Coming up with the down payment for a home purchase can be a big hurdle. If you are straining to get the money together, be careful because the IRS is targeting down payment scams.
Down Payment Scams � The IRS is Hunting
Charitable organizations do not pay taxes. This occurs when an organization is qualified by the IRS as an exempt charity under section 501c3 of the tax revenue code. While most charitable organizations are legitimate, some are really just business that have strained and bent the rules to gain the tax exempt status. The IRS frowns upon such organizations and usually moves to shut them down.
Currently, the IRS is looking at over 180 tax exempt organizations that provide down payment assistance to homebuyers. Specifically, the IRS is looking at a seller financing strategy that it deems to be questionable. The strategy works where a buyer does not have enough money to make the required down payment demanded by a lender. The seller agrees to give the money to a charitable organization in exchange for a tax deduction. The organization then makes a loan to the buyer for the amount required to fund the down payment. Specific strategies vary, but this is the basic idea.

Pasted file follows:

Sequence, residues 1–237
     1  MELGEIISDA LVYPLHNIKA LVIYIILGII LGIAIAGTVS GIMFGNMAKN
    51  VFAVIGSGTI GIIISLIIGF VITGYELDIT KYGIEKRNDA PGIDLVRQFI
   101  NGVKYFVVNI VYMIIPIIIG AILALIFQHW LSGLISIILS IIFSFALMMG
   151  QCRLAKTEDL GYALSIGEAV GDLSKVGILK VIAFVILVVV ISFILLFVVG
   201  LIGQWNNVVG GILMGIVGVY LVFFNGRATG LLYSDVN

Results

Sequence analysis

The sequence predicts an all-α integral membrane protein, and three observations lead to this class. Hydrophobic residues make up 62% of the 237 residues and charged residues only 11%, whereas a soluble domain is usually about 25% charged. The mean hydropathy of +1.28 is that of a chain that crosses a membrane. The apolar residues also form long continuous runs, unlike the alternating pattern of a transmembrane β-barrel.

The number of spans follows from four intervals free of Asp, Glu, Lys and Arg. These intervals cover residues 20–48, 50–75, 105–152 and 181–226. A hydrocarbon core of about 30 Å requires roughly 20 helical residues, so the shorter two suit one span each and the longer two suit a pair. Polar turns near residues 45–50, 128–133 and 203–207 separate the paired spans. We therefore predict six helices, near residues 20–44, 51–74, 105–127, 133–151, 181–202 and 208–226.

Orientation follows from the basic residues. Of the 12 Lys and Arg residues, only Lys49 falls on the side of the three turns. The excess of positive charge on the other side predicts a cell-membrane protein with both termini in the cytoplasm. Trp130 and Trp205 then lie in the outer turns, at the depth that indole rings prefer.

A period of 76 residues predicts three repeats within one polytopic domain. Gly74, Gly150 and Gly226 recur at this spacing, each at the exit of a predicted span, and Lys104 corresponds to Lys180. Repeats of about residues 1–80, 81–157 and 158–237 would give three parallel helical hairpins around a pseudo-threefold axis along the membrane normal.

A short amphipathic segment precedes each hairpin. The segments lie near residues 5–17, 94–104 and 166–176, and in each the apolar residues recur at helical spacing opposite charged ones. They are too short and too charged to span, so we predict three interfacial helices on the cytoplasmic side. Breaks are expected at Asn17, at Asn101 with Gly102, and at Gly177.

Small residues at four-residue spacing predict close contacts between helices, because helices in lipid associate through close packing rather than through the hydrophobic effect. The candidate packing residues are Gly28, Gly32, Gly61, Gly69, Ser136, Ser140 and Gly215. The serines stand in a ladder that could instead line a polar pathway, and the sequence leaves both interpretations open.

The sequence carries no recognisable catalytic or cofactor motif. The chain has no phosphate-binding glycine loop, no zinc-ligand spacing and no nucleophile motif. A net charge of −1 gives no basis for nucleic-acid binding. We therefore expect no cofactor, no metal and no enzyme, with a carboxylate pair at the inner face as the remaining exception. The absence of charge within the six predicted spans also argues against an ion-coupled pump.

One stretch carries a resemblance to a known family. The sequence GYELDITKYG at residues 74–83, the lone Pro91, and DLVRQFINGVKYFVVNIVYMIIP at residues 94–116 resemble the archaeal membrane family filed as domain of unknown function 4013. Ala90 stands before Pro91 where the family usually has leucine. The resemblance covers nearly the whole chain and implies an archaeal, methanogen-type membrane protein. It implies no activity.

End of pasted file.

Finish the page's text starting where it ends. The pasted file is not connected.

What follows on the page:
The IRS views this strategy as an abuse of the charitable donation laws. It also appears to be working with HUD and lenders to identify such transactions because lenders are complaining the strategy is fraudulent. If the lenders knew that the buyer could not meet the down payment threshold, they supposedly would not be issuing the loan. With both the IRS and lender agencies unhappy, this strategy should be avoided at all costs.
At this time, it is unclear how the government agencies will treat the seller and buyer in such a transaction. The IRS appears to be primarily interested in the organizations acting as charitable middlemen. Undoubtedly, sellers will eventually be stripped of relevant tax deduction claims and face a higher audit risk. Any ramifications to the buyer are unclear, but the lenders may look to call loans or demand further security. Any way you cut it, these seller financed down payment strategies should be avoided.